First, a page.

The Motive Imagery and Leadership of Kim Yo-jong Based on Political Statements on South Korea and the U.S. from 2020
Research Reviews | April 30, 2022
Visiting Researcher at the Reunification Institute of Ewha Womans University
Kim Yo-jong has risen as a key figure in North Korean leadership as Chairman Kim Jong-un’s strategic partner over the recent years. In this Research Review, Helene Kim, Visiting Researcher at the Reunification Institute of Ewha Womans University, analyzes Kim Yo-jong’s leadership through motive imagery analysis. The author claims that Kim Yo-jong manifests strong “power motive imagery” in a centralized environment through the bold words, actions, and swiftness reflected in her statements on the U.S. While her leadership may be synergetic when combined with Kim Jong-un’s leadership, the author writes that she will unlikely succeed politically if she were an independent political leader as literature on motive imagery analysis explains that leadership styles heavily manifest of “power motive imagery” are bound to fail in a structure where authority is concentrated.
On April 3rd, 2022, Kim Yo-jong and Park Jong-chon both issued a statement on a rare occasion. Kim Yo-jong, an heiress of the Mount Paektu bloodline and a frequent companion to Kim Jong-un during military inspections, has increasingly garnered political power. Kim Jong-un has shared his duties of managing internal risks within North Korea with Kim Yo-jong to deliberately strengthen her authority and status. His decision to deliberately vest power on Kim Yo-jong is unprecedented. By doing so, he has attempted to enhance her authority and status. Although Kim Jong-un remains superior to Kim Yo-jong, it is worth looking into the leadership of Kim Yo-jong, who is now Chairman Kim’s strategic partner.
This article focuses on the six statements Kim Yo-jong released during the five months following her first statement on March 3rd, 2020, which are believed to be manifest of her political status. While several additional statements have been released until 2022, they are considered similar in nature to those from 2020. I have repeatedly emphasized that in order to understand the extent to which Kim Jong-un shares his power with Kim Yo-jong, it is necessary to take a look at Kim Yo-jong’s leadership. In this light, this study is based on previous research on leadership – it looks into the relationship between institutions and behavior and utilizes “motive imagery analysis” to provide a foundation for studies on Kim Yo-jong’s leadership focusing on the six statements she released in 2020.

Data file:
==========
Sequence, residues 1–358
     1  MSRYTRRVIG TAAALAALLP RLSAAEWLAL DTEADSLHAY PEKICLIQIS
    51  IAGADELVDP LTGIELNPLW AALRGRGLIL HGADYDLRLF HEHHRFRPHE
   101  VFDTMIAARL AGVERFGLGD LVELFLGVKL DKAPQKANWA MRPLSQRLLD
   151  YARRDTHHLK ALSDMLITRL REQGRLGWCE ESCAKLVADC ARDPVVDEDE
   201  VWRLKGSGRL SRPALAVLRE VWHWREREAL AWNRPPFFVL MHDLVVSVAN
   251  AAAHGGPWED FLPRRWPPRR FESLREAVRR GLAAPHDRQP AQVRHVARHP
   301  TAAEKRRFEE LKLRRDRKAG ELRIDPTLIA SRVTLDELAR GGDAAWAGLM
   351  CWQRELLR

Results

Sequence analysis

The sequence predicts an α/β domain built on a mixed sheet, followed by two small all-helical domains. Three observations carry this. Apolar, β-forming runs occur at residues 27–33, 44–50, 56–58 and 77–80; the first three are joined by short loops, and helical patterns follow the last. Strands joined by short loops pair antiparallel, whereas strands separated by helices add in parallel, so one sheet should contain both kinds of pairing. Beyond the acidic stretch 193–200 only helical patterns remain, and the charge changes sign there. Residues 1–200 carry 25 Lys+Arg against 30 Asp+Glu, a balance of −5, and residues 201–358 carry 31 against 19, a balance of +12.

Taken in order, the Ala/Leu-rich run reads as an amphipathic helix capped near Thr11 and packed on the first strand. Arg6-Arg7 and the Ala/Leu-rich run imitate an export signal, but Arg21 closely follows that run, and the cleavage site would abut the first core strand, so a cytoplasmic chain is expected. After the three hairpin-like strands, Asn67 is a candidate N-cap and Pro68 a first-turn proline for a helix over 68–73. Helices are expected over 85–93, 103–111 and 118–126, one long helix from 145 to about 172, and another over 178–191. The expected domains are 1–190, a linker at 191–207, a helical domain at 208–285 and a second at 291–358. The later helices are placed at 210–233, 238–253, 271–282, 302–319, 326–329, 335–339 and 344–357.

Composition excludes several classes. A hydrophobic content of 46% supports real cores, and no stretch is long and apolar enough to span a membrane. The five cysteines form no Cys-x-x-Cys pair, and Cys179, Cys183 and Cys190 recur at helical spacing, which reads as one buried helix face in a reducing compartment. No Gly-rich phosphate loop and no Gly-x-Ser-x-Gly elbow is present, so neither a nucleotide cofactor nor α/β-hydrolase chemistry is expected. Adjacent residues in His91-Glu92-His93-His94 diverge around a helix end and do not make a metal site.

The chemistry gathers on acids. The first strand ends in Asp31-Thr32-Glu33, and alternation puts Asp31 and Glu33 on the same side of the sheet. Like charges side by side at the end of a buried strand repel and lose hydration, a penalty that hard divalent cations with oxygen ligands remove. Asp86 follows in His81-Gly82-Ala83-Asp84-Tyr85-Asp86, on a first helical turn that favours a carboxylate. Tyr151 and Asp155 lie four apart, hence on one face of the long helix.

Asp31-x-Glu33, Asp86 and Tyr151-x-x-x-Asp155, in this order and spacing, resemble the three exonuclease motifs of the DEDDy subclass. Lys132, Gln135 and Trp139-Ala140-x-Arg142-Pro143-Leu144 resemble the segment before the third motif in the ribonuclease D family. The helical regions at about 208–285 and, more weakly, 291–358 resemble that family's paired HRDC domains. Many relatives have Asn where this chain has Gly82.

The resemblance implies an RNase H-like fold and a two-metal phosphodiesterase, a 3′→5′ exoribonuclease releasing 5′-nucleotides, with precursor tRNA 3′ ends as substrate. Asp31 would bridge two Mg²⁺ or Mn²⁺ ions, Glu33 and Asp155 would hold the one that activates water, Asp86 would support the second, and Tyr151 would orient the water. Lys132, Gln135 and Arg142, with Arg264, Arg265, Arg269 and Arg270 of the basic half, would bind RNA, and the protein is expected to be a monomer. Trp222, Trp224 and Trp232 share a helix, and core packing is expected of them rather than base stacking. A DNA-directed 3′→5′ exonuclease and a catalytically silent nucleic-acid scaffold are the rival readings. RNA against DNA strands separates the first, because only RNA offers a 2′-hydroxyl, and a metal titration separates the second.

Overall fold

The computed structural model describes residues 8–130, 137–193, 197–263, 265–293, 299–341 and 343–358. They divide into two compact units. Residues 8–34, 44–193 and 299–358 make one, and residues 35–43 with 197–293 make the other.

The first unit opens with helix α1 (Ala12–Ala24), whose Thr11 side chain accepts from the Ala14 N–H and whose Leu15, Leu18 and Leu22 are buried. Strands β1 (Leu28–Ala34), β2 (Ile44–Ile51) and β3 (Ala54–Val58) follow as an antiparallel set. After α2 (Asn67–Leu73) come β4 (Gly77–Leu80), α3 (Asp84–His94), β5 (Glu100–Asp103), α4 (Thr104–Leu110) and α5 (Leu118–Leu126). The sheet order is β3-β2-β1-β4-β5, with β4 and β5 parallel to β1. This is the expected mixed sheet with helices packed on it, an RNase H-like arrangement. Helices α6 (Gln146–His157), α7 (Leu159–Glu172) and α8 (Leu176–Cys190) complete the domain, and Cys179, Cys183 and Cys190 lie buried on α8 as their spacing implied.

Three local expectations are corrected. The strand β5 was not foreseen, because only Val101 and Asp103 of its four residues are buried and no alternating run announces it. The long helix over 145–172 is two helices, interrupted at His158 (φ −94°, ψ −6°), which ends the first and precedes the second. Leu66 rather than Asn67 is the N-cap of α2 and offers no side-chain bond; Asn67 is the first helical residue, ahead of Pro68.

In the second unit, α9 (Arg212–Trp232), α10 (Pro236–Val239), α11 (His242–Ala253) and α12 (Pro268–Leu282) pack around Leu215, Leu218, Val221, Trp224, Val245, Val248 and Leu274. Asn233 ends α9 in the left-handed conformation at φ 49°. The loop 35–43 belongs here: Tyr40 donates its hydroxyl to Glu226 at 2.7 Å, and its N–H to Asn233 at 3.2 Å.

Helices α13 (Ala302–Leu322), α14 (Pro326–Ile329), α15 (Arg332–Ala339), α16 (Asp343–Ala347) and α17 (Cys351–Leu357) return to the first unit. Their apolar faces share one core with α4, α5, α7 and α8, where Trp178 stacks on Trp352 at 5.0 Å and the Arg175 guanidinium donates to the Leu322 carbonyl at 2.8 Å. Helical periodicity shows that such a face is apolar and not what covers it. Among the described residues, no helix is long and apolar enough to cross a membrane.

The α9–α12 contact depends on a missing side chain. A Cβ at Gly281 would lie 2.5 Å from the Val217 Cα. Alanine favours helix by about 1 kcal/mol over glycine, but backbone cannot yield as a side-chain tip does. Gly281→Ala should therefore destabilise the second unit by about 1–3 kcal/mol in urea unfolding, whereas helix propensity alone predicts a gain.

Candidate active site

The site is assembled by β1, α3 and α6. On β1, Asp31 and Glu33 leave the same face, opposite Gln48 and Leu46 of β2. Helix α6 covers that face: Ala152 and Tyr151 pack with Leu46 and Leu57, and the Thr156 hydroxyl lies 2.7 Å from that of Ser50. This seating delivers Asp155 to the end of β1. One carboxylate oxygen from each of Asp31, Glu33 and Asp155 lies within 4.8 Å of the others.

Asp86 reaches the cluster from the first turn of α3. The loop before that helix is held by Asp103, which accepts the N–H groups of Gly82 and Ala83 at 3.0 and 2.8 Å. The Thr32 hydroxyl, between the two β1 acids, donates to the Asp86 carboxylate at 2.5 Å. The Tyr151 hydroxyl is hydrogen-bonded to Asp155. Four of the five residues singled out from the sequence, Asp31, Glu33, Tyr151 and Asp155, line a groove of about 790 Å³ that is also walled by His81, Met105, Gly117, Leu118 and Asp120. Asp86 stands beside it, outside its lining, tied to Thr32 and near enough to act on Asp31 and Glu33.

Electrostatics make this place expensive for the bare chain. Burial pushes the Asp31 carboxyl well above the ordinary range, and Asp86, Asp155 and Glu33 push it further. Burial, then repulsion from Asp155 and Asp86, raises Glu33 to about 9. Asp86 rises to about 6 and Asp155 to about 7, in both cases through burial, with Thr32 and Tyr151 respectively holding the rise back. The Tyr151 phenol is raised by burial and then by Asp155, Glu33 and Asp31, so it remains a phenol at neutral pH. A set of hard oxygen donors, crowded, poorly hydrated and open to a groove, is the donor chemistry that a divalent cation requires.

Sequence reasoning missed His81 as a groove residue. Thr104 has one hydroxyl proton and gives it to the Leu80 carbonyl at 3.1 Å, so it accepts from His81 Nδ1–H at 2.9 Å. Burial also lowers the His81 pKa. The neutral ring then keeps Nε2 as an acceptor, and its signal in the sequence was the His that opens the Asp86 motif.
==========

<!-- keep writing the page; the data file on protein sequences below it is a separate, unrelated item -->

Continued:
In order to examine Kim Yo-jong’s cognitive structure, this study analyzes her statements using three motive imageries. This microscopic approach can provide clues for unraveling the significance of Kim Yo-jong’s leadership in North Korea. Motive imagery, which refers to speakers’ actions, concerns, and aspirations they manifest on themselves, others, or other groups, is an important social motive. It can be broadly divided into three categories: “achievement motive imagery,” “power motive imagery,” and “affiliation-intimacy imagery.”  “Achievement motive imagery” is based on ‘excellence’ as the standard index. “Power motive imagery” refers to expressions that aim to affect or influence a person, group, country, or the world. “Affiliation-intimacy imagery” refers to something that establishes, maintains, or restores a bond or cordial relations between people, groups, and countries.
Previous studies on the relationship between motive imagery and effectiveness of leadership show that the stronger the “power motivation imagery” and “lower the affiliation-affinity motive imagery” and the “achievement motive imagery,” the higher the performance in an environment where power is dispersed. However, in the case of entrepreneurs who exercise power in a centralized environment, stronger “achievement motive imagery” is correlated to positive performance. In his study, Winter referred to the motive imagery scores as a factor determining the appeal for leadership and leadership performance for U.S. presidents. According to the Leadership Characteristics Theory, leadership effectiveness is related to personal characteristics; the Situational Theory posits that the characteristics required for leadership vary depending on the situation at the time. Winter’s study implies that while the appeal for leadership is related to situational characteristics, leadership effectiveness is linked to individual characteristics.
Koo Ja-sook’s study, which analyzed the royal decrees of the Joseon Dynasty, is also worth noting despite being set in a different historical framework (pre-capitalist era). Koo provided suggestions on how to apply the results of motive imagery analysis to examine leaders in various settings. This study validated the approach that views the environment in which the North Korean leadership exercises leadership similar to that of an entrepreneur in a centralized system.